14 Ethical Approval (IRB) CAP Project 14/40 Individual consent required Application to IRB required Investigator can make the decision Not human subjects research Low IRB requirements High
15 HIPAA and Anonymisation of Metadata CAP Project 15/40 the convenience and power of electronic data is also its Achilles heel the DICOM standard allows for the inclusion of private information, which is not HIPAA (1996) compliant in many cases.
16 Project Infrastructure CAP Project 16/40
17 Database CAP Project 17/40
18 Calculation of Volume and Mass CAP Project 18/40 Complete mathematical representation of the left ventricle
19 Creation of a Mathematical Model CAP Project 19/40 Using image processing (and operator input), the raw images are converted into a beating mathematical heart in the database. This allows any parameter to be determined without further analysis.
20 Reproducibility and Accuracy CAP Project 20/40 Scan rescan variability 25 patients with moderate to severe MR Scanned twice at a six week interval Coefficient of variation 3% LVM difference -1.1 ± 5.7 g (~ 0.6%) Accuracy 12 animals (9 dogs, 3 pigs) Data courtesy David Fieno and Paul Finn LVM determined by weight at autopsy LVM difference 2.1 ± 4.3 g (~3%) Difference (g) Difference (g) Average LVM (g) Postmortem (g)
21 Segmentation Challenge CAP Project 21/40 (a) Basal slice (b) Mid-ventricular slice (c) Apical slice Suinesiaputra et al. Medical Image Analysis In press 2013
22 Modal Analysis CAP Project 22/40 Lewandowski et al. Circulation 2013;127:
23 Identification of Myocardial Infarction CAP Project 23/40 Anterior Lateral Septal L L L P A P A P A S S S Medrano-Gracia et al. JCMR 15:80 ; 2013
24 Modeling of Stiffness, Stress and Strain CAP Project 24/40 Normal Non-Ischaemic HF Vicky Wang, Martyn Nash, STACOM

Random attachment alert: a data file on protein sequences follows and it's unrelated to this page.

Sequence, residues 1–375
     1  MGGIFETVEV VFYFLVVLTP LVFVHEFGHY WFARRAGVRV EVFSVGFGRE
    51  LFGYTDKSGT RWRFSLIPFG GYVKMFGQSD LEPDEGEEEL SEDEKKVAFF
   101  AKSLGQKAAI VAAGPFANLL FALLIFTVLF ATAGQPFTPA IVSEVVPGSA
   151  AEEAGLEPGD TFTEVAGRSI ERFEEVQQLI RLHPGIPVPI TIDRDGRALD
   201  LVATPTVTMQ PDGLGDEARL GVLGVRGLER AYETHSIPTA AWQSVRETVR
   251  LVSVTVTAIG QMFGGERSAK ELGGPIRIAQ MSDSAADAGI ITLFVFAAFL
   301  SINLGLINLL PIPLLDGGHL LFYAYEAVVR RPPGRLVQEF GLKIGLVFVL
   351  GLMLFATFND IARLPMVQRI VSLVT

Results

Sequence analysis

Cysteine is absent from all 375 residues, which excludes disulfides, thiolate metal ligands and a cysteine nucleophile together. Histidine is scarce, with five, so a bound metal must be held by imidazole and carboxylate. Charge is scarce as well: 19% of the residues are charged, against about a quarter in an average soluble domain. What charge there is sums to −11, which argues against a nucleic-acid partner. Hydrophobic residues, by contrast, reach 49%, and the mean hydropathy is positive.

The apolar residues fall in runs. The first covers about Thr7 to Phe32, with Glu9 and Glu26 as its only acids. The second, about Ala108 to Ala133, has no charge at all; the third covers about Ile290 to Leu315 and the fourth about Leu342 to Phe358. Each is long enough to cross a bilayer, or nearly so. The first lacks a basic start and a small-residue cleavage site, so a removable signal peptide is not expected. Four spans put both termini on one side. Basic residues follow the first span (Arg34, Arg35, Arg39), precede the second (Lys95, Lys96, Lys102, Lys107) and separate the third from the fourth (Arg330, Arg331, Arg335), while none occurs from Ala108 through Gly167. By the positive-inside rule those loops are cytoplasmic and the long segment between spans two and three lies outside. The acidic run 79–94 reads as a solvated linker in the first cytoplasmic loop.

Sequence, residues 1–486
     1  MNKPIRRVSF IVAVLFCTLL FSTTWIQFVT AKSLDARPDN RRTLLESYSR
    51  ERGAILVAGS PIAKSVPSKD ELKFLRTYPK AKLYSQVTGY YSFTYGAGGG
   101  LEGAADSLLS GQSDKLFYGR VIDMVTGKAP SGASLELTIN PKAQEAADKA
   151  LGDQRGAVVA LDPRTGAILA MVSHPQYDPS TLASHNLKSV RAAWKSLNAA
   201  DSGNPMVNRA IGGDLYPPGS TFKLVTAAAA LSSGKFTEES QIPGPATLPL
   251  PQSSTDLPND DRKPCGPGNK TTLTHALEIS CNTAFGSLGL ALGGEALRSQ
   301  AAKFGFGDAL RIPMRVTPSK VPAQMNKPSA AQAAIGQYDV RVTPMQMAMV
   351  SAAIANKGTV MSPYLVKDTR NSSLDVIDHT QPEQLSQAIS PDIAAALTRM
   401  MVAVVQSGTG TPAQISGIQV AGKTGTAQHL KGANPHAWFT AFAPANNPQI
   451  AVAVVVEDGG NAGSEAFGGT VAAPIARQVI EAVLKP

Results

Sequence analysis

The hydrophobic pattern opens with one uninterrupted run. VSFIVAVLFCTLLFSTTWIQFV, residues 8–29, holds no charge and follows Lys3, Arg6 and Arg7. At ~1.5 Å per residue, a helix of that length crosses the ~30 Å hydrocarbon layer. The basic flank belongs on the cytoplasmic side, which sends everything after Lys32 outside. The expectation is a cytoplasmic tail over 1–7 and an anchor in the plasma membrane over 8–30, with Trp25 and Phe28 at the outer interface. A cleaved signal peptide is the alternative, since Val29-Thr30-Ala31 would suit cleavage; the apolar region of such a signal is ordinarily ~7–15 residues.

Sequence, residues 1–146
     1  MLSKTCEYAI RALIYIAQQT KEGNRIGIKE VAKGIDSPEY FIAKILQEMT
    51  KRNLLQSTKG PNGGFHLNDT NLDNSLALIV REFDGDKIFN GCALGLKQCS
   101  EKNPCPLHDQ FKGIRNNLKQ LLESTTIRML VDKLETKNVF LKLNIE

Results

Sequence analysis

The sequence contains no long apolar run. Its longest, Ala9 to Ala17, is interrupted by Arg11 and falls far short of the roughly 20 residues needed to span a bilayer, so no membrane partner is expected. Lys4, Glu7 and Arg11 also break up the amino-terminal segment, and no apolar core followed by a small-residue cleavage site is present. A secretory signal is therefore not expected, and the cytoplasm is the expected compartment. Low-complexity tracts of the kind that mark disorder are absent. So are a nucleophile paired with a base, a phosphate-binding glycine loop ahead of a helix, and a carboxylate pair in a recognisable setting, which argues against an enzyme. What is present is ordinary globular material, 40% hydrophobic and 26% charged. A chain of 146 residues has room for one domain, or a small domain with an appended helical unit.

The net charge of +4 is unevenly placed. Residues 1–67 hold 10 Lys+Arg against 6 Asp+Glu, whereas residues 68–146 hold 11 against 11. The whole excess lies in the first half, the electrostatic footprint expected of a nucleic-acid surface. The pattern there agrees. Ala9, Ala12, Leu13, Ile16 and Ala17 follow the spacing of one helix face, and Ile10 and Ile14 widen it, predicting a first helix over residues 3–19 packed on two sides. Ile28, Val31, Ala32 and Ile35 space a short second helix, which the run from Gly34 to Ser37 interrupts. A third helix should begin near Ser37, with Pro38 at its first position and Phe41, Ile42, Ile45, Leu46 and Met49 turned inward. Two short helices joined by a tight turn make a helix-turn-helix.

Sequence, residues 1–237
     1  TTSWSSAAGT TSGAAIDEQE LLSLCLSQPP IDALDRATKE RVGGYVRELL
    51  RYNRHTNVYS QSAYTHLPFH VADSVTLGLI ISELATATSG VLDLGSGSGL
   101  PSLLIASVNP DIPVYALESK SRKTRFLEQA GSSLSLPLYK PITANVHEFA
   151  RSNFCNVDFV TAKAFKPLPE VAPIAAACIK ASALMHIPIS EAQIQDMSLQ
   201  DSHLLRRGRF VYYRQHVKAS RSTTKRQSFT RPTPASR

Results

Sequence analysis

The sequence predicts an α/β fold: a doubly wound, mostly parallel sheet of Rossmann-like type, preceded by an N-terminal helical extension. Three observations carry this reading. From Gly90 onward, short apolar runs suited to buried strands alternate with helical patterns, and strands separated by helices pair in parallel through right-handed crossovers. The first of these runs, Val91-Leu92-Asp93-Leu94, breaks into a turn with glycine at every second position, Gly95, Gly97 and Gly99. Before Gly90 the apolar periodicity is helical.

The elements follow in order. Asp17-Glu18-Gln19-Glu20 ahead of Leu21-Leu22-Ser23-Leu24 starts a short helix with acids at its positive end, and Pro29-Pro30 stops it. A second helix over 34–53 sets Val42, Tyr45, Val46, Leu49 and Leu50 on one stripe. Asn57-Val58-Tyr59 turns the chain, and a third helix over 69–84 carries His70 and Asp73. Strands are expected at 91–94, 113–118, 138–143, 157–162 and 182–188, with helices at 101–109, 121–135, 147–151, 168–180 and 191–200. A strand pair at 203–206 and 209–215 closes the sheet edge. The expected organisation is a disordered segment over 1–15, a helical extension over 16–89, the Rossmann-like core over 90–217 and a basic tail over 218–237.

25 Classification of Disease CAP Project 25/40 Does the patient have the disease?? Medrano-Gracia, PhD thesis, 2013
26 Data Analysis CAP Project 26/40 How bad is the disease?? Medrano-Gracia, PhD thesis, 2013
27 A Second Example the Coronary Arteries CAP Project 27/40 Image data Clinical problem Database Statistics
28 Catalonia Prospective trials 28/40
29 Cardiovascular Risk in Catalonia Prospective trials 29/40 If we wanted to determine the cardiovascular risk profile in Catalonia, how would we do this? Specific Generic 1. Recruit 5,000 normal Catalonians (preferably in 1948) and follow them for 50 years (similar to the definitive Framingham study) 2. Recruit 5,000 normal Catalonians and follow them for five years (an abbreviated Framingham study) 3. Use the Framingham results and add local correction factors from small studies where there are obvious discrepancies 4. Read the Framingham publications and speculate on how the data applies locally High cost Low cost
30 The VERIFICA Study Prospective trials 30/40 The Framingham function adapted to local population characteristics accurately and reliably predicted the 5-year CHD risk for patients aged years, in contrast with the original function, which consistently overestimated the actual risk. about 60% was observed in the United Kingdom; however, this is far from the >260% overestimation observed in Spain
31 The Catalonian Risk Table Prospective trials 31/40
32 Cost-Benefit Ratio of Clinical Trials Prospective trials 32/40 Cost Benefit Not fundable Fundable NZ Specific data Generic data Trial performed in New Zealand Can we do better in this range? Trial performed Overseas
33 The MESA Trial Prospective trials 33/40 The Multi-Ethnic Study of Atherosclerosis (MESA) is a study of the characteristics of subclinical cardiovascular disease and the risk factors that predict progression to clinical disease. 6,814 asymptomatic men and women aged have been recruited. (38% are white, 28% African- American, 22% Hispanic, and 12% Asian).